A team of engineers from the UCLA Henry Samueli School of Engineering and Applied Science, in partnership with Southern California Edison, has received a $1.62 million grant from the California Energy Commission to build a hybrid energy storage system that stores energy harvested from intermittently productive renewable sources such as solar panels and wind farms, then releases that energy into the grid when demand is high.
The lead investigator is Pirouz Kavehpour, UCLA professor of mechanical and aerospace engineering (MAE). Other UCLA faculty on the team are MAE faculty Richard Wirz, Adrienne Lavine and Rajit Gadh.
The energy system under development is a hybrid of compressed air energy storage and thermal energy storage technologies. Although compressed air has long been used in energy storage, this system will use a state-of-the-art, high-temperature storage unit to enhance storage capacity and economic viability. This innovative technology offers the potential for a highly efficient, ultra low-cost zero-carbon emission solution for storing intermittent renewables.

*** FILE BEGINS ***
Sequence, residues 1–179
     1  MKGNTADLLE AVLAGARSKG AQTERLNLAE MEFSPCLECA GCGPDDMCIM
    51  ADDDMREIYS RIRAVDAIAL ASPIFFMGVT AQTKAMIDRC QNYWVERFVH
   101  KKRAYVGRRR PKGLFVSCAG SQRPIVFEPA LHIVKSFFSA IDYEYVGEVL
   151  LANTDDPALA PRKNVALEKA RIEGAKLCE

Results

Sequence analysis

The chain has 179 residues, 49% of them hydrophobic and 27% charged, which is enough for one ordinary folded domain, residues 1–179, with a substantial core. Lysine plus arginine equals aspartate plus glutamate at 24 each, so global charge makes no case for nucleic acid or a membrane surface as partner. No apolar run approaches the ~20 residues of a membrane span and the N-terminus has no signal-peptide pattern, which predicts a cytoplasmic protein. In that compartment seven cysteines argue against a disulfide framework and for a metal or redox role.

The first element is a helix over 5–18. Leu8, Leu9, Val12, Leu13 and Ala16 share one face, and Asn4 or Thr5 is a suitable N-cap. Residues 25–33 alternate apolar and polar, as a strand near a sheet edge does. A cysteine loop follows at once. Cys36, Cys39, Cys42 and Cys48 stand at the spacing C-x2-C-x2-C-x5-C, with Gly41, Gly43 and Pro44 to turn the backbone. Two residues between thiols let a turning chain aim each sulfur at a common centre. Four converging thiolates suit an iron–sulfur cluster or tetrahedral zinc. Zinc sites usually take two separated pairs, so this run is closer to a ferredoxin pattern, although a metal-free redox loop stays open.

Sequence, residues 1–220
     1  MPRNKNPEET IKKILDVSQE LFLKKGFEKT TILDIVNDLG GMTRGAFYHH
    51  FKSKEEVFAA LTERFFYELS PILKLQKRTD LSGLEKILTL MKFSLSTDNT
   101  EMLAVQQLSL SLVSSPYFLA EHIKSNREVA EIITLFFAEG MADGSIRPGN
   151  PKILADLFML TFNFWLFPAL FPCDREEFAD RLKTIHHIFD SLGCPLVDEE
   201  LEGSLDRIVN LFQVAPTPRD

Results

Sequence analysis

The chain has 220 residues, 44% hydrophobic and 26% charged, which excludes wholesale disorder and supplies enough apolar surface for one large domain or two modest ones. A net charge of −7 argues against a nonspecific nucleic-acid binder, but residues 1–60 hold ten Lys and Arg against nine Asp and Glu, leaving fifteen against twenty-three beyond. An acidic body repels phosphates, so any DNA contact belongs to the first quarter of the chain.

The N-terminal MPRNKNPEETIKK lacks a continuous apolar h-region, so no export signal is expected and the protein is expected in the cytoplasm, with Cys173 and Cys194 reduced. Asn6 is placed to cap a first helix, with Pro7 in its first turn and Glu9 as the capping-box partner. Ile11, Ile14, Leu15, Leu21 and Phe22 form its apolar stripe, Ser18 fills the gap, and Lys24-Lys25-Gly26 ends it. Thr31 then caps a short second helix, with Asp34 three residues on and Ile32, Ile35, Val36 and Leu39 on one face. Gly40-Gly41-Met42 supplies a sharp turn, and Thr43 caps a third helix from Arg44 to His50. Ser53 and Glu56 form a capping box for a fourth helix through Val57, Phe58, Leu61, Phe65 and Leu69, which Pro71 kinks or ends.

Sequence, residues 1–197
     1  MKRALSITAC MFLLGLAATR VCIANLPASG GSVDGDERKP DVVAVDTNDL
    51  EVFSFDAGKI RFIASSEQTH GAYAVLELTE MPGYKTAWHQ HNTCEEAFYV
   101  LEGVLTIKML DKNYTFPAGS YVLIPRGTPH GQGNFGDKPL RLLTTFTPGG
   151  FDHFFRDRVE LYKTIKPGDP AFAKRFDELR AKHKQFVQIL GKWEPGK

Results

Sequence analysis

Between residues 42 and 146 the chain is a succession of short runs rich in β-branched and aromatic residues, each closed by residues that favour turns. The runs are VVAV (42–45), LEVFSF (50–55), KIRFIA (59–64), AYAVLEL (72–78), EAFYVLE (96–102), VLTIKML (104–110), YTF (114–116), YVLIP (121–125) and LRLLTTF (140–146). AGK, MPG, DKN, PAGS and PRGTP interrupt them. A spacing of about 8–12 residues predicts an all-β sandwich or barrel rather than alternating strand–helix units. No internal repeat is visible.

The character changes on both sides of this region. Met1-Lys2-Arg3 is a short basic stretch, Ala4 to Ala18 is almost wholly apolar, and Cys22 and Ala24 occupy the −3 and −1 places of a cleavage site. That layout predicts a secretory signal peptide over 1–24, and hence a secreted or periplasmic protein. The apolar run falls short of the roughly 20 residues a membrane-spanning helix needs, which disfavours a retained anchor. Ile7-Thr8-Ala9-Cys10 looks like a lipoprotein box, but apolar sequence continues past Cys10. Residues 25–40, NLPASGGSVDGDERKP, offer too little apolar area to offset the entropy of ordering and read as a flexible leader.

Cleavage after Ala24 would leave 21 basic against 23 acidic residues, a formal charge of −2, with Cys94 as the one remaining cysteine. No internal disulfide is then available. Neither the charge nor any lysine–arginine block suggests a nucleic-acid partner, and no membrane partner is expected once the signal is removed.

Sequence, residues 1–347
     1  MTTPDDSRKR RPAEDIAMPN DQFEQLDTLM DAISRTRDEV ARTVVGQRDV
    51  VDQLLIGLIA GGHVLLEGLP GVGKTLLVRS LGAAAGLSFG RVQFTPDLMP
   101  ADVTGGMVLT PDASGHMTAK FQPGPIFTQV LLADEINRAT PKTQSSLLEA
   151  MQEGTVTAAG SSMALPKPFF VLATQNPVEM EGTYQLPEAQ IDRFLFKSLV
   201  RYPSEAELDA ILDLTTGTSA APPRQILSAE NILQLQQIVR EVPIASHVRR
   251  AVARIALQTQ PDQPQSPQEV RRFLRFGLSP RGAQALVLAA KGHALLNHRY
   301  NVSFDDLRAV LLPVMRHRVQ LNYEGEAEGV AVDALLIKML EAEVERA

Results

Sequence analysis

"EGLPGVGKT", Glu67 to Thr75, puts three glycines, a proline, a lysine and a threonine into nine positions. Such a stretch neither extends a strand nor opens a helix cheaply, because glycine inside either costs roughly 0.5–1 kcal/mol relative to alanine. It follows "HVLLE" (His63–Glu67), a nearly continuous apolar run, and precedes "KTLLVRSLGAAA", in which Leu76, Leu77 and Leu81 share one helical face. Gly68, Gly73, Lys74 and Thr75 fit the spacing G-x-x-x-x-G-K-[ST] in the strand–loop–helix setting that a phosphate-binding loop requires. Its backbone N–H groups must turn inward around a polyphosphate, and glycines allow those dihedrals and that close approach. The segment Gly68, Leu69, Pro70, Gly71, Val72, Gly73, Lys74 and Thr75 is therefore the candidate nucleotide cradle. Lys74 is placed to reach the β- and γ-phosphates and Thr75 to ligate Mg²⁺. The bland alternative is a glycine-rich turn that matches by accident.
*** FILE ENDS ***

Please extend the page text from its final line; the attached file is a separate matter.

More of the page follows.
This approach stores energy at a very low cost compared to batteries and other technologies currently on the market, said Kavehpour. “Our estimated cost of energy for this unit is about $100 per kilowatt hour, which is much lower than any battery system of which we are aware.”
The technology will be built on the Cal Poly Pomona campus and will be operated in conjunction with Southern California Edison.